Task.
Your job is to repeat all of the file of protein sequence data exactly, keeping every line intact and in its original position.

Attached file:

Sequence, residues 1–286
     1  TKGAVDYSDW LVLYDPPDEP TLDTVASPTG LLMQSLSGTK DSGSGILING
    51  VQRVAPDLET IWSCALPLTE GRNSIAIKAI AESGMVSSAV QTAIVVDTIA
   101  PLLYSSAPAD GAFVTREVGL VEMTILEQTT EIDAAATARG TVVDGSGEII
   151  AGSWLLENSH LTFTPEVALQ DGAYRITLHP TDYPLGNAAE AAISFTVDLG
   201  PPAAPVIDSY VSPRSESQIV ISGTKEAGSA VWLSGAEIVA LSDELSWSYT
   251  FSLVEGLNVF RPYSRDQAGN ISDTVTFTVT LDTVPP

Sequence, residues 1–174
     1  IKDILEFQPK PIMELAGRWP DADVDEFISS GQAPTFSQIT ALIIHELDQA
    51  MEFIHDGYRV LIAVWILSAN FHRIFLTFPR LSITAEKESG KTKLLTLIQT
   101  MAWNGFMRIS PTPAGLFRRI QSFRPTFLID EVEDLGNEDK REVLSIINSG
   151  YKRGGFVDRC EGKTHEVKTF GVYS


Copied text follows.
Sequence, residues 1–286
     1  TKGAVDYSDW LVLYDPPDEP TLDTVASPTG LLMQSLSGTK DSGSGILING
    51  VQRVAPDLET IWSCALPLTE GRNSIAIKAI AESGMVSSAV QTAIVVDTIA
   101  PLLYSSAPAD GAFVTREVGL VEMTILEQTT EIDAAATARG TVVDGSGEII
   151  AGSWLLENSH LTFTPEVALQ DGAYRITLHP TDYPLGNAAE AAISFTVDLG
   201  PPAAPVIDSY VSPRSESQIV ISGTKEAGSA VWLSGAEIVA LSDELSWSYT
   251  FSLVEGLNVF RPYSRDQAGN ISDTVTFTVT LDTVPP

Sequence, residues 1–174
     1  IKDILEFQPK PIMELAGRWP DADVDEFISS GQAPTFSQIT ALIIHELDQA
    51  MEFIHDGYRV LIAVWILSAN FHRIFLTFPR LSITAEKESG KTKLLTLIQT
   101  MAWNGFMRIS PTPAGLFRRI QSFRPTFLID EVEDLGNEDK REVLSIINSG
   151  YKRGGFVDRC EGKTHEVKTF GVYS